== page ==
I quoted from this poem at the Remembrance Day service in Hardwick this year.  It’s from the collection ‘Prayers for a Privileged People’ by theologian and writer Walter Brueggemann.


The Threat Upon Us

Summertime . . . when the living is easy.

You give us summer and winter,

cold and heat,

seedtime and harvest,

but summer is special-

grills and patios and pools

and baseball.

We take our ease,

even amid terrorism.

The threat is mostly remote,

and the war in lraq (or Afghanistan or Sudan or . . . )

scarcely calls us in our privilege to attention.

And then, right in the middle of our easy living,

the bombs burst

on the street corner,

on the bus,

on the train.

the smoke, the fire, the shrieking,

the dash of emergency vehicles,

all brought very near,

all brought right up against our easy summer living.

We experience a sinking sense

that the world is not safe,

that our life is not free of threat,

and we wonder where and when next

will come assault on our well-arranged lives.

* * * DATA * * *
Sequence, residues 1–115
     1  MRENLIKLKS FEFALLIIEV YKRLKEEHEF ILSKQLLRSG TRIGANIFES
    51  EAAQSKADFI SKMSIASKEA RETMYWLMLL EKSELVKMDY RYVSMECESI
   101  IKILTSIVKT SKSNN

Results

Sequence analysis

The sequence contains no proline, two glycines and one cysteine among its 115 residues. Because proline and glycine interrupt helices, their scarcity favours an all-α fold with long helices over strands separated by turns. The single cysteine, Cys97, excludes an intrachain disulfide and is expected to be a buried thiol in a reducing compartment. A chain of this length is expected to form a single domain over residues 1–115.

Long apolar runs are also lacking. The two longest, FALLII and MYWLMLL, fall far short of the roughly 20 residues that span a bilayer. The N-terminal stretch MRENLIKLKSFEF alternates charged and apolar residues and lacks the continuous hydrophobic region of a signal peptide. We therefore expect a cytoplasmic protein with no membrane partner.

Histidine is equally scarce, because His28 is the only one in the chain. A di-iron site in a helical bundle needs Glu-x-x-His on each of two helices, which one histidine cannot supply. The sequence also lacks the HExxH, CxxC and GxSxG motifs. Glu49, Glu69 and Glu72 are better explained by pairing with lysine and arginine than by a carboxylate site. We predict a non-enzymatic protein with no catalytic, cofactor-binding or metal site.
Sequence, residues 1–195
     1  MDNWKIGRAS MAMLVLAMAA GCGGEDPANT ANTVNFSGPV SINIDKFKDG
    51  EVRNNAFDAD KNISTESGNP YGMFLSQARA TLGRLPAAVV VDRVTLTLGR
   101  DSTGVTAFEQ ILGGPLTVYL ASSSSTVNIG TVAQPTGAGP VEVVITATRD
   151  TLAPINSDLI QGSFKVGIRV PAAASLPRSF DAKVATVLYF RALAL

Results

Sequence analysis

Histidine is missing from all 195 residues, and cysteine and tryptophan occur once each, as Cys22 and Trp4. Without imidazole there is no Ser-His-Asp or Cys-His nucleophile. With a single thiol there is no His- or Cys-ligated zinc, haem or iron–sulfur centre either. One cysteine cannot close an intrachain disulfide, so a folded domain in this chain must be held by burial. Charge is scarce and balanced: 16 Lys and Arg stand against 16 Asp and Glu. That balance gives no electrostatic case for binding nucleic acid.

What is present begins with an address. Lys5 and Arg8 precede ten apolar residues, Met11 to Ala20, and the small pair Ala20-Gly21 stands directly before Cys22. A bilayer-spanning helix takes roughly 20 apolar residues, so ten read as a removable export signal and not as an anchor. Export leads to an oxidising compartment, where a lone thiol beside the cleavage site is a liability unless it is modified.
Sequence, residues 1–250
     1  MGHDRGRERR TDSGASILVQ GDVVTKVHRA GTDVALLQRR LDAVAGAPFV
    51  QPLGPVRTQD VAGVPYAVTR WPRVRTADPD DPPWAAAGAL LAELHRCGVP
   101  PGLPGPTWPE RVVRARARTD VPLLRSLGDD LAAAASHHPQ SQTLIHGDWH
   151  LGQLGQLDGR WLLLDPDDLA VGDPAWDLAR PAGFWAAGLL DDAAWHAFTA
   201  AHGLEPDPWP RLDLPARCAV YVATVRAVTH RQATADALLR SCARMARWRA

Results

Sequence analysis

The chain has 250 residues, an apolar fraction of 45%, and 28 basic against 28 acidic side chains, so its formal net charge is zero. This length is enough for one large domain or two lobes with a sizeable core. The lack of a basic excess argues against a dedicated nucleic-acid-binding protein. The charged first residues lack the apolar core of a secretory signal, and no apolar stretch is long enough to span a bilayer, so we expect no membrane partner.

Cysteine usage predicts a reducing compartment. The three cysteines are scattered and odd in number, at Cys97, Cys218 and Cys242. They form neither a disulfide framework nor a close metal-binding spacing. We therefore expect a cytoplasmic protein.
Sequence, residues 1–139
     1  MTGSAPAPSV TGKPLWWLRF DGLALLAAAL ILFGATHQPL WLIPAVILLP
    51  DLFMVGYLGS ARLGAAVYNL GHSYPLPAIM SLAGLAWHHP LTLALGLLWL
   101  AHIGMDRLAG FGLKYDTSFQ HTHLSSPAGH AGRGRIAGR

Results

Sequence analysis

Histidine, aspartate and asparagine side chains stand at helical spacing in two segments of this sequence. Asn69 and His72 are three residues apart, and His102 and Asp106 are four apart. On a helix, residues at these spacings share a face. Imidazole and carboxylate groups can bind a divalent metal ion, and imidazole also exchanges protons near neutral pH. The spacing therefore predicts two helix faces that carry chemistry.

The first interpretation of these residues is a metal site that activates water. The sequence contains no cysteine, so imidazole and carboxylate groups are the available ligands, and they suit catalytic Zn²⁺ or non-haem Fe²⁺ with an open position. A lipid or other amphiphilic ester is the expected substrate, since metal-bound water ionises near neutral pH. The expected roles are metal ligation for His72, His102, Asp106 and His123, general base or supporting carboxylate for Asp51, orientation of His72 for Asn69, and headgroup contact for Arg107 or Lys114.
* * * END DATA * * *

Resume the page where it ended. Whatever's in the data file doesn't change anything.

We turn to you, partly out of need,

partly out of habit, partly out of trust.

We know you to be Creator, who maintains order,

Redeemer, who loves us more than we love ourselves.

But we are so self-sufficient,

we do not easily turn from our ways to yours.

And so amid our trust in you

comes our fated self-confidence,

our urge to manage,

our wish for self-sufficiency.

So we, unsettled in deep ways,

want to believe more than we do.

But even now we believe enough to know that your

good way does not depend on our trust.

So be our God – yet again-

this time, and

we will be honest in our double-mindedness

as we turn to you in our fear.